Thursday, December 31, 2009


Well it is still just 2009 as I write this.

It seems hard to believe we are almost a decade through the Twenty-First Century.

Yet here we are.

On Tuesday Deb and I passed one of those milestones that mark the flight of the years. The 29th of December was our twenty-fifth wedding anniversary.

We didn’t have a big celebration. I took the day off work. We spent the day together, simply enjoying each other’s company. As we so often do, we went for a drive and finished the day off with a meal at one of our favourite little places.

Deb and I were in our twenties when we met. I think we have been very fortunate in growing and maturing together. We have shared so much: love and hardship; joy and tragedy; laughter and tears. On the way we have raised three girls into wonderful young women.

Of course there have been arguments and furious fights. But always what we shared seemed far more important than our differences.

So many people seem to grow apart. We on the other hand seem to grow closer.

I can honestly say that after all these years, Deborah is not only the love of my life, but also my best friend.

Goodnight and have a happy New Year!

Monday, December 28, 2009

Stairs Again: A Lazy Afternoon

I was up early on Christmas to open up for the breakfast program. We had a good crowd through for brekky.
After we closed I gave each of the volunteers who had made the effort on the Holiday morning a token gift of Swiss chocolates. I keep saying it, but our volunteers make all the difference for our programs. We couldn’t open on public holidays and weekends if we had to rely entirely on paid staff.

The rest of Christmas was a lazy day for me. Our eldest daughter E, has gone on a mad keen Christmas cooking frenzy over the past couple of years. It is an amazing luxury to sit back and do nothing until it is time to clean up.

On Boxing Day I was again in the city early for work. After that we had a BBQ lunch and went for a lazy drive out to the Maroondah Reservoir near Healesville .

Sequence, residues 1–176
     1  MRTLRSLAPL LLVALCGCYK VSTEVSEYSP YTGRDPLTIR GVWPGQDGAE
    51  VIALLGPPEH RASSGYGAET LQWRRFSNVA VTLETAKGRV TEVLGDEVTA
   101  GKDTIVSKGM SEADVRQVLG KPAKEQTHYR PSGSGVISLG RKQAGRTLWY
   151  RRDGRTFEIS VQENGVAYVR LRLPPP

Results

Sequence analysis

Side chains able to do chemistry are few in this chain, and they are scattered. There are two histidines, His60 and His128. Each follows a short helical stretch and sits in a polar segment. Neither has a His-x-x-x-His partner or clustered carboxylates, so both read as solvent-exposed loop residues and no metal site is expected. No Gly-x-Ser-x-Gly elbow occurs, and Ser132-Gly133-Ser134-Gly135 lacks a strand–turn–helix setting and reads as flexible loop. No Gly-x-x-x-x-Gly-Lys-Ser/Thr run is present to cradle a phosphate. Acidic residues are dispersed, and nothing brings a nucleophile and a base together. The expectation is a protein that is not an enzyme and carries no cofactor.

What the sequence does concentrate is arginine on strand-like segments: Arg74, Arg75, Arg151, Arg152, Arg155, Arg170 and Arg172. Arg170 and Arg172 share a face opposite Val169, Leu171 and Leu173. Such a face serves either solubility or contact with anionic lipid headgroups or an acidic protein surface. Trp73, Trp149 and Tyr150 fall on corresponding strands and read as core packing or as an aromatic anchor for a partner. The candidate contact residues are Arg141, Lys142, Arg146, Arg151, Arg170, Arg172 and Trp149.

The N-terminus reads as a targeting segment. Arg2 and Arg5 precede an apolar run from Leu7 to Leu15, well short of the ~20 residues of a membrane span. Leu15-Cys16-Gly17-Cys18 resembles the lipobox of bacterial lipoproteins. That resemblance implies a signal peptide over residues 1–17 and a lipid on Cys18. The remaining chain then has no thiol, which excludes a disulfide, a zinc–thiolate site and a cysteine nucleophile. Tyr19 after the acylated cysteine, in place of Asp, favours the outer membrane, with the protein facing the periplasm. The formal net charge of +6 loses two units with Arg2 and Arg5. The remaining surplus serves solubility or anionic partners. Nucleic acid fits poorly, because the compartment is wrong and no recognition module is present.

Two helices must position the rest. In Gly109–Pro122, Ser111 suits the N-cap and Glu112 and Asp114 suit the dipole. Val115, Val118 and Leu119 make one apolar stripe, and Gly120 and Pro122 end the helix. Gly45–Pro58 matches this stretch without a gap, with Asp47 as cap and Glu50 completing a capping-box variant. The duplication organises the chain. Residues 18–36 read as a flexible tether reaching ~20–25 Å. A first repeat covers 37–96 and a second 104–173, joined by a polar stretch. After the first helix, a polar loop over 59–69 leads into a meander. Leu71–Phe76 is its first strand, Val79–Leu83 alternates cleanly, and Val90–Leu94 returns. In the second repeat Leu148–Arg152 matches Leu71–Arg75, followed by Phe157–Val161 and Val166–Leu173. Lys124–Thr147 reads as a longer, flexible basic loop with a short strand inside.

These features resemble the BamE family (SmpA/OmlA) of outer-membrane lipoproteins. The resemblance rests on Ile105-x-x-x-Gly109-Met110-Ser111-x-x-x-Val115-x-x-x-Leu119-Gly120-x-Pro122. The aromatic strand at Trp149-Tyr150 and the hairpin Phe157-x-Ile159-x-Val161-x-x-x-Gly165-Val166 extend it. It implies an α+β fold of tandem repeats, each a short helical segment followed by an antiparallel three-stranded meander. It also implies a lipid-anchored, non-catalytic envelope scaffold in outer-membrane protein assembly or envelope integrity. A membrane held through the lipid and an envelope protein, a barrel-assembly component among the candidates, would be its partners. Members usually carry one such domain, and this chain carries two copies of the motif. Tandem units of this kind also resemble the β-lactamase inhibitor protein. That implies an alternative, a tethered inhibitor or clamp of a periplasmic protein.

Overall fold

It was a gorgeous afternoon so we went for a walk around the park. The park lies around the dam wall of what was once part of Melbourne’s water supply. It is a series of well manicured gardens, a mix of native and exotic species.

This piccie shows the dam wall seen through some of the plantings. The dam was completed between 1920-27. I guess that means most of these trees are between 80 and 90 years old.

We seem to be picking places with plenty of stairs just lately. Not as many as the weekend before last, but if I keep doing this I’ll be in danger of getting fit.
And this is from near the top of the same stairs.
The gardens are quite relaxing with plenty of places to picnic or simply sit and rest.
We strolled across the top of the dam wall. I paused to take some shots across to the other side. The lake being a former river valley has a shoreline of little bays and inlets.

This is what was the water works intake. I like the touch of the rotunda you wouldn’t see the extra effort on public structures these days. Maroondah is no longer part of the water supply as it is too small to be of relevance, so now it is just a public park.

From the far end I took a few photos.
The view down across the dam wall.
And straight down, the people at the bottom give a scale.
This view is back through the park. As you can see many of the trees are exotics. I think the conifer in the centre of the frame may be one of the American redwood species. (West Coasters What do you think?) The conifer to the left is definitely a cedar of some variety.

Then we turned and went back across the wall.
Finally before we left the park I attempted to get some shots of this Noisy Miner nest . Unfortunately this was about as good a shot as I got. The nest was high in a tree and quite well hidden. While I was setting up for the shot we saw a couple of adults feeding the chicks, but by the time I had the camera ready this bird was sitting still, keeping an eye on me. Noisy Miners are interesting in that, like many Aussie birds, they have a strategy of grouping together to help raise a single nest of chicks. Mum, dad and older siblings all have an interest in raising the current crop of youngsters.

Thursday, December 24, 2009

Christmas Greetings

Well time for a very quick post.